Opposite of Cabbage
I am really pleased to be hosting a further stage of Rob A Mackenzie's Decabbage Yourself Logo Tour , which this week wends its way back to Scotland.
I, like many people I'm sure, am just astounded at what Rob manages to pack into life. He is the living, breathing proof of the old adage, "if you want something done ask a busy person".
Rob was born and brought up in Glasgow. He received a law degree from Aberdeen University and then abandoned the possibility of significant personal wealth by switching to theology at Edinburgh University. He wrote over seven hundred songs and doubled on guitar and saxophone for cult art-rock bands Pure Television and Plastic Chicken. Despite airplay on Radio Scotland and a rash of gigs in tiny Glasgow pubs, he failed miserably to achieve rock stardom. He spent a year in Seoul, eight years in a Lanarkshire housing scheme, five years in Turin, and now lives in Edinburgh with his wife and daughter where he organises the Poetry at the Great Grog reading series by night and works as a Church of Scotland minister by day.
His pamphlet collection, The Clown of Natural Sorrow, was published by HappenStance Press in 2005His poems, articles and criticism have featured in many literary publications over the last decade or so. He is an associate editor with Magma magazine. He blogs at Surroundings and at the Magma blog.
Rob's collection The Opposite of Cabbage is published by Salt Publishing (and available from Amazon on this embedded link)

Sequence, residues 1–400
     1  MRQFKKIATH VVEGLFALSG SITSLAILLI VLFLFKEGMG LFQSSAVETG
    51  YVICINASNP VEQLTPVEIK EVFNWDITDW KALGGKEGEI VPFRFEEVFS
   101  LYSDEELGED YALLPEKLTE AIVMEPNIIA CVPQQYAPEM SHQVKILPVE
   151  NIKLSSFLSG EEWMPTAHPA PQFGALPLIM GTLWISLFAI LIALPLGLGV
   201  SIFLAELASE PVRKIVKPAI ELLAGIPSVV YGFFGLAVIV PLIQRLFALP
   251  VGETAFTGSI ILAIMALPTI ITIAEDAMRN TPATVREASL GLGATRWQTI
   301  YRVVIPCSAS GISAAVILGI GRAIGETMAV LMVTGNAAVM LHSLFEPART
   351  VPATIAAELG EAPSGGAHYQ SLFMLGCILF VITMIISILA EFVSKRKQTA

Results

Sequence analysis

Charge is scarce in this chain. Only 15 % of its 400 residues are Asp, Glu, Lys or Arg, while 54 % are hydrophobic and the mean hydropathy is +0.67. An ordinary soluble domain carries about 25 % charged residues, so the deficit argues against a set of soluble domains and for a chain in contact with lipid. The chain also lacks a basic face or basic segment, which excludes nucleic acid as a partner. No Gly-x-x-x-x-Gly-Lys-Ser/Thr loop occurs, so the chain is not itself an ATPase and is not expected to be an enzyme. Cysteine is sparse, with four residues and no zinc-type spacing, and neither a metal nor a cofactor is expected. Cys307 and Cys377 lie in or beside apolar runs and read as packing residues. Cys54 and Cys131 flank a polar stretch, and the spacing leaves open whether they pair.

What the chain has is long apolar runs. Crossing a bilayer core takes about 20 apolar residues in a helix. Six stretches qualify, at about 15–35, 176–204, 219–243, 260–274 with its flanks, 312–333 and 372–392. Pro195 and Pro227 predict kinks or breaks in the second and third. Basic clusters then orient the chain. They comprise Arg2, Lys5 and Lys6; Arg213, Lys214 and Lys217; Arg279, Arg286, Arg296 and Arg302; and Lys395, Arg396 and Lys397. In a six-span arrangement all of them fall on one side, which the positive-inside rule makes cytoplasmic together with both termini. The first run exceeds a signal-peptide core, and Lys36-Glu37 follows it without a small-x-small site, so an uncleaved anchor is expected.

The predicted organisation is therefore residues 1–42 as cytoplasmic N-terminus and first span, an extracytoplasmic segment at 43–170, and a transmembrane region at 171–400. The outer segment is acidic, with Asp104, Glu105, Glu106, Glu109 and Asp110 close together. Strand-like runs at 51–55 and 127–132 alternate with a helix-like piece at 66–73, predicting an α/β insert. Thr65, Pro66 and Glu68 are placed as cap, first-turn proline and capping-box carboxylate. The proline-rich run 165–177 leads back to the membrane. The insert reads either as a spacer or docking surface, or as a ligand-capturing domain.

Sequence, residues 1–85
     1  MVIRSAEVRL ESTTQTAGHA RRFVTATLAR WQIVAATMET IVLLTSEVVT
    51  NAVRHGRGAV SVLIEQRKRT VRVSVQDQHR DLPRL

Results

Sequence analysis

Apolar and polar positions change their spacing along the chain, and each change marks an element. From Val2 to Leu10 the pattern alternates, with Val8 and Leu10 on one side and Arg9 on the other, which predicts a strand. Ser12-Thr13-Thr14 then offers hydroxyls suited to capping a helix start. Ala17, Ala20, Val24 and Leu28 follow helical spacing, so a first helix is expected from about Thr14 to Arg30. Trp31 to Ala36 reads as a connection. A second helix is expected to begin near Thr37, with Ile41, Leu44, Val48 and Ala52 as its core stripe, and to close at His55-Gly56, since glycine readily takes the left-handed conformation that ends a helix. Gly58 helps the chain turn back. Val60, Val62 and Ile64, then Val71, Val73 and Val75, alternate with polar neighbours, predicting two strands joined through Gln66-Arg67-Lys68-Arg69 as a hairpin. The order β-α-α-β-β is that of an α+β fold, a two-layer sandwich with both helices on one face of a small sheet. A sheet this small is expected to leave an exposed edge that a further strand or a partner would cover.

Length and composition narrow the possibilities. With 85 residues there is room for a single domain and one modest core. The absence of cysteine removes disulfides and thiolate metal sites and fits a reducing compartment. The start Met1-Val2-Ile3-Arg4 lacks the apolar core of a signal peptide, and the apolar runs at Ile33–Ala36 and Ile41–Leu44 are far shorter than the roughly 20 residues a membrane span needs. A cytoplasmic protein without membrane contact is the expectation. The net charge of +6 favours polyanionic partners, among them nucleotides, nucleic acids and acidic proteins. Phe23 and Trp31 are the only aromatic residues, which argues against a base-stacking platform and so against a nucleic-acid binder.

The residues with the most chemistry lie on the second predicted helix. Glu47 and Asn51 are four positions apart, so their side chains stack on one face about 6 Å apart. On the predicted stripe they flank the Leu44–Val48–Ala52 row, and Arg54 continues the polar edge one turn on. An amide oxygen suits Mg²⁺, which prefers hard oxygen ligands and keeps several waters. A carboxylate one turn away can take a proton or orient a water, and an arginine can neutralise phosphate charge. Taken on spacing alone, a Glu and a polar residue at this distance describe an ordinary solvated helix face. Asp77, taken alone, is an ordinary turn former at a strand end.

"In this collection, opposites collide – reality and delusion, political activism and apathy, friend and enemy, life and death. These poems cut away at convention and simmer with unsettling, dramatic images. Ironic and humorous, complex and engaging, you can’t do without The Opposite of Cabbage."
One of my favourite poems in the book is My Dentist, Aneila, which to me reads like a mini multi-textured novel about the Scotland that we now all inhabit, a place were the old and the new truly rub up against each other, with surprising and often refreshing results for all concerned.
And so to my questions for Rob.
Scotland and Edinburgh feature heavily in your work, either as backdrop or the main character. You have also lived abroad for extended spells, so with the experience of both do you consider that your poetry to be at its most successful when drawing on home ground?
Not really. I wrote a series of poems about Scotland in (I think) 2007, about 15 months after returning home from 5 years in Italy. I felt keen to explore issues of Scottish identity, nationality and nationhood after living within a very different culture. I had asked myself many questions about Scottishness while living in Turin and these intensified when I came back. Quite a few of these poems made the cut for the book and I wrote others over 2008 as well.
However, I hope these poems have appeal to readers beyond Scotland. Their themes are prejudice, hedonism, roots, relationships with neighbours, core identity – themes which are important in virtually any part of the world. So while these poems are concerned with a specific time and place, they aren’t constrained by that. At least, that’s the general idea.
I’ve also written about other places, especially Italy, and several poems touch on the USA, a country I have never visited but which casts its shadow – in both positive and negative ways – over us all.